Three steps to heaven (oops, I mean, to ‘getting married’)

The biggest challenge to getting married is finding the right person to share your life with. Once you’ve done that (congratulations!), but you still have some choices as to how you get wed and perhaps even some pressures on the options you should choose.

I see the whole process as three phases – the legalities, the ceremony and the celebration)

You need to do the legal bit to get married; the other two are matters of choice. Here’s a summary of the advice I give to my couples.

a) THE LEGAL BIT: – i.e. signing the register and getting your marriage certificate.This can be quite simple. The only legal requirements (in UK) are to say some ‘declaratory words’ – “I know no reason why I cannot be married ….” and some commitment words, “I take this person to be my lawful wedded …whatever..” Do this in a licenced venue in front of two witnesses and that’s it.  You have to book this activity via your local registry office and you’ll have to prove you are who you say you are and that you have a legal right to get married in the UK. Everything else – such as making vows and exchanging rings is pure ‘ceremony’ and can be done anywhere – or not done at all.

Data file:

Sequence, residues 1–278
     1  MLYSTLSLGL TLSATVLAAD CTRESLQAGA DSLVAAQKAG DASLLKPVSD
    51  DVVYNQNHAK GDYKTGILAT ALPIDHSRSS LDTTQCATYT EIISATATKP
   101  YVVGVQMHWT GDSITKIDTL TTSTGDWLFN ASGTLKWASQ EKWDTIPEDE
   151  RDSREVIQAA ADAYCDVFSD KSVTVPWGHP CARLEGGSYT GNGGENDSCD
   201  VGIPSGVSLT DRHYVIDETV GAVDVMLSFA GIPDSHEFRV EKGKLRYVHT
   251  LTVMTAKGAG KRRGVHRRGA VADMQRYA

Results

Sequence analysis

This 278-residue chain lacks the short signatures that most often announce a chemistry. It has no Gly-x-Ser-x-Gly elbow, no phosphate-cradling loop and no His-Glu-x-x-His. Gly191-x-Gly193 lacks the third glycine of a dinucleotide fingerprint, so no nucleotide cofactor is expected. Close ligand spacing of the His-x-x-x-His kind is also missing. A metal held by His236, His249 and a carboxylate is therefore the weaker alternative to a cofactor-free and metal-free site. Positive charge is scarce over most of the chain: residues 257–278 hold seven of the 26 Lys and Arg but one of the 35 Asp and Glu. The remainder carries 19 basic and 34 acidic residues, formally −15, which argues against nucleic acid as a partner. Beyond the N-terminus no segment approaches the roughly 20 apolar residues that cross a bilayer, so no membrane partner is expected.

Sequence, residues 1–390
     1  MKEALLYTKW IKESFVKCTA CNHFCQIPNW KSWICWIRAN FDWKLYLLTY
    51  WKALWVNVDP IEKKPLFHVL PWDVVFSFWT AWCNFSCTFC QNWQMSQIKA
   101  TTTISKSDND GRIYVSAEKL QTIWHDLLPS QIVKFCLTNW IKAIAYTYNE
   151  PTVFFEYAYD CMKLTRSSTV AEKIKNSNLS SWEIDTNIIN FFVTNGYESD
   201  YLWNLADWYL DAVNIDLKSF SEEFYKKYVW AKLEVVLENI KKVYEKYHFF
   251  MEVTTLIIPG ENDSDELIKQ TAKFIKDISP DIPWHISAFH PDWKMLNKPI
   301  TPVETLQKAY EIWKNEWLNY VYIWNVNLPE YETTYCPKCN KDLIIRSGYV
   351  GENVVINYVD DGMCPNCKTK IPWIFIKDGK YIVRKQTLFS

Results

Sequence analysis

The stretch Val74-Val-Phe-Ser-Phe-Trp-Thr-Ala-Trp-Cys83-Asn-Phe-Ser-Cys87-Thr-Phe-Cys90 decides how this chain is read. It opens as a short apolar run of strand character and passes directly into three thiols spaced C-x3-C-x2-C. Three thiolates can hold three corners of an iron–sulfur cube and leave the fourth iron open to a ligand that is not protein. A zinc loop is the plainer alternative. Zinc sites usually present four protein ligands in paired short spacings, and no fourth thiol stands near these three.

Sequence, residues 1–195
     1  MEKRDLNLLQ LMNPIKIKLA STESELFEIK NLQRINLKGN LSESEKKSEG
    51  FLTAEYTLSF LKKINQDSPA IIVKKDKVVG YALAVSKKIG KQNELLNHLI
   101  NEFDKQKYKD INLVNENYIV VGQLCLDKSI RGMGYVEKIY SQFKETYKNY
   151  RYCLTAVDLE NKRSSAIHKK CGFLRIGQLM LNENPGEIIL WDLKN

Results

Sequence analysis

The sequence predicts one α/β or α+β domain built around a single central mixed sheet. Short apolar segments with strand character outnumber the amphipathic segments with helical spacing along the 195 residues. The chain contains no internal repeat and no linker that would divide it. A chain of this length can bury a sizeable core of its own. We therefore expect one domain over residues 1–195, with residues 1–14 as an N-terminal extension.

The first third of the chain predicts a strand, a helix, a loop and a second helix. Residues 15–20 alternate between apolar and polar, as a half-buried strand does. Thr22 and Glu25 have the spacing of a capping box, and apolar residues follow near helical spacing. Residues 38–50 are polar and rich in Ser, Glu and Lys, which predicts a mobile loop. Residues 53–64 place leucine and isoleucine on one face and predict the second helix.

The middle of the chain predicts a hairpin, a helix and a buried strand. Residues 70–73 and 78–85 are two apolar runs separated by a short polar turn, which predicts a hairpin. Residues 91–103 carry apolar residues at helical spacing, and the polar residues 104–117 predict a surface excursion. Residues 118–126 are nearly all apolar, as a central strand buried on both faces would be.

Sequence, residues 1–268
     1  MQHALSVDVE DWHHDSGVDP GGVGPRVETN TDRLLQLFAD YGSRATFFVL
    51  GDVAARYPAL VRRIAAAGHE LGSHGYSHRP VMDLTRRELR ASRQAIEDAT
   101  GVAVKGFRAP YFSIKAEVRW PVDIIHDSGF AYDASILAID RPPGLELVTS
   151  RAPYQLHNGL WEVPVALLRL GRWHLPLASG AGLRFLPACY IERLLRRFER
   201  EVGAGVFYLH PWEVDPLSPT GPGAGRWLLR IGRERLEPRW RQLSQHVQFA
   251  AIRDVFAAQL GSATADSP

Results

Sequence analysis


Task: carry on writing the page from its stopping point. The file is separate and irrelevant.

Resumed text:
A registry office will probably try to ‘sell’ you a package which includes a wedding ceremony (I don’t blame them; it’s all good revenue) but you have other options.

b) THE CEREMONY: Most weddings have some kind of ceremony or ritual – although it isn’t legally necessary. Marrying someone is a significant event in our lives and we want to make it special. Elements of ‘ceremony’ such as entrances, vows, music, exchanging rings etc. can be done at any location and at any time. Once marriages had to be officially licenced, it was natural that churches and registry offices started to ‘sell’ wedding ceremonies as part of their packages.

A celebrant run ceremony is just that; it’s a ‘ceremony’. It won’t give you a marriage certificate (at least not a legal one); you’ll need ten minutes at a registry office to get that. A celebrant marriage ceremony often comes a day or so after a registry office event for family members; it’s a personally designed and. unlike registry office or church ceremonies, celebrant run marriage ceremonies can take place anywhere and at any time.

A celebrant ceremony gives you almost unlimited alternatives; you can make it very personal in content, time of day and location. You can also add rituals (such as handfasting) if you choose to do so.

Most couples want a gathering of family and friends to celebrate their ‘marriage’. This could be anything ranging from a conventional wedding reception and ‘wedding breakfast’ to an informal gathering in a wine bar, restaurant or back garden.

As a toastmaster and master of ceremonies, I’ve been involved in many different kinds of celebrations:- formal hotel-based events, celebrations in garden marquees, village halls, restaurants, sailing boats, camp sites and family homes.

If you are Surrey, London or home-counties based, and will help you.

Couples have told me that thinking of these three separate phases to their wedding day has helped them; I hope it does the same for you. You can get more information at